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Wednesday, December 27, 2023

This algorithm could predict your health, income, and chance of premature death

Holly Barker
Originally published 18 DEC 23

Here is an excerpt:

The researchers trained the model, called “life2vec,” on every individual’s life story between 2008 to 2016, and the model sought patterns in these stories. Next, they used the algorithm to predict whether someone on the Danish national registers had died by 2020.

The model’s predictions were accurate 78% of the time. It identified several factors that favored a greater risk of premature death, including having a low income, having a mental health diagnosis, and being male. The model’s misses were typically caused by accidents or heart attacks, which are difficult to predict.

Although the results are intriguing—if a bit grim—some scientists caution that the patterns might not hold true for non-Danish populations. “It would be fascinating to see the model adapted using cohort data from other countries, potentially unveiling universal patterns, or highlighting unique cultural nuances,” says Youyou Wu, a psychologist at University College London.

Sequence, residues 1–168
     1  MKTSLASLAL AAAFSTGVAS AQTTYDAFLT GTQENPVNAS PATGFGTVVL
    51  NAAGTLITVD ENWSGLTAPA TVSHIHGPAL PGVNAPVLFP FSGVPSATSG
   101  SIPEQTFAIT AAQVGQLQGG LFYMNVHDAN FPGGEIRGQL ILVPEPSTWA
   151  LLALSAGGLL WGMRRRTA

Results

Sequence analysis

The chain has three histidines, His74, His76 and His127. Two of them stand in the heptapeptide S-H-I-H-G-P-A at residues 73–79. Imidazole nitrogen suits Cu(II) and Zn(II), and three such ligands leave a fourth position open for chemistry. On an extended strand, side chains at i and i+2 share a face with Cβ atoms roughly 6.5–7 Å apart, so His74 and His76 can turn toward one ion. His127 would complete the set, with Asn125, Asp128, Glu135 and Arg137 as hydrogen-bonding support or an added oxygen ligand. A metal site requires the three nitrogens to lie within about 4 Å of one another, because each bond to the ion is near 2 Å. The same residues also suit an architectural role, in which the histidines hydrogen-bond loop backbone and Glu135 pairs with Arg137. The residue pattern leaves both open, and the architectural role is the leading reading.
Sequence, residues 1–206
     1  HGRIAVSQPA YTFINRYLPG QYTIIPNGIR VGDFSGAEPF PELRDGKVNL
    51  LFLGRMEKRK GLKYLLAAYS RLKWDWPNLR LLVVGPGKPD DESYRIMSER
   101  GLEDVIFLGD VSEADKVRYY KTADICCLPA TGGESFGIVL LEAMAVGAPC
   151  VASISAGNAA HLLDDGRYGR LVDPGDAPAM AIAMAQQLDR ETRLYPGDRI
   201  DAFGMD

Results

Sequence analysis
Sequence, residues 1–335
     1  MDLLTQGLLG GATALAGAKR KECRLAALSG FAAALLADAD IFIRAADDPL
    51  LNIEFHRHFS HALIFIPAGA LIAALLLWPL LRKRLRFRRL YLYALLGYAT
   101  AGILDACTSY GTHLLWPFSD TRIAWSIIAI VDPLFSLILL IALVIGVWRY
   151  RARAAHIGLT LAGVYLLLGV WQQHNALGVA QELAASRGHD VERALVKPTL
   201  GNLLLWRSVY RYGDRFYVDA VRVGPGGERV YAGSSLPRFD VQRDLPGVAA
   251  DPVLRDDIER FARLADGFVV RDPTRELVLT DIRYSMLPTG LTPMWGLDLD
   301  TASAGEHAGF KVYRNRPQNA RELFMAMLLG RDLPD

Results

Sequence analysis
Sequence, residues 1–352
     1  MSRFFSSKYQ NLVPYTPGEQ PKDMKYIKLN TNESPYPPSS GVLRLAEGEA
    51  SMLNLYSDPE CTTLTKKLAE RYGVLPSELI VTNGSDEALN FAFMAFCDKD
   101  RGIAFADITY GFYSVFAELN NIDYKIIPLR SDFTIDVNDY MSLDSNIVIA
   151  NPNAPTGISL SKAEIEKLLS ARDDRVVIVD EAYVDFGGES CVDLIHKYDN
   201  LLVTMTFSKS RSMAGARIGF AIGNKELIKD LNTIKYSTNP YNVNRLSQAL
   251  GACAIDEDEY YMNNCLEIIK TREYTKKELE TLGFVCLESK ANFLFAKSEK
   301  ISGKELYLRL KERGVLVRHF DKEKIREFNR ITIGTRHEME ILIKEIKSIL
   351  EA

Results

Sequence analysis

Biases in the data could also confound its predictions, she adds. (The overdiagnosis of schizophrenia among Black people could cause algorithms to mistakenly label them at a higher risk of premature death, for example.) That could have ramifications for things such as insurance premiums or hiring decisions, Wu adds.

Here is my summary:

A new algorithm, trained on a mountain of Danish life stories, can peer into your future with unsettling precision. It can predict your health, income, and even your odds of an early demise. This, achieved by analyzing the sequence of life events, like getting a job or falling ill, raises both possibilities and ethical concerns.

On one hand, imagine the potential for good: nudges towards healthier habits or financial foresight, tailored to your personal narrative. On the other, anxieties around bias and discrimination loom. We must ensure this powerful tool is used wisely, for the benefit of all, lest it exacerbate existing inequalities or create new ones. The algorithm’s gaze into the future, while remarkable, is just that – a glimpse, not a script.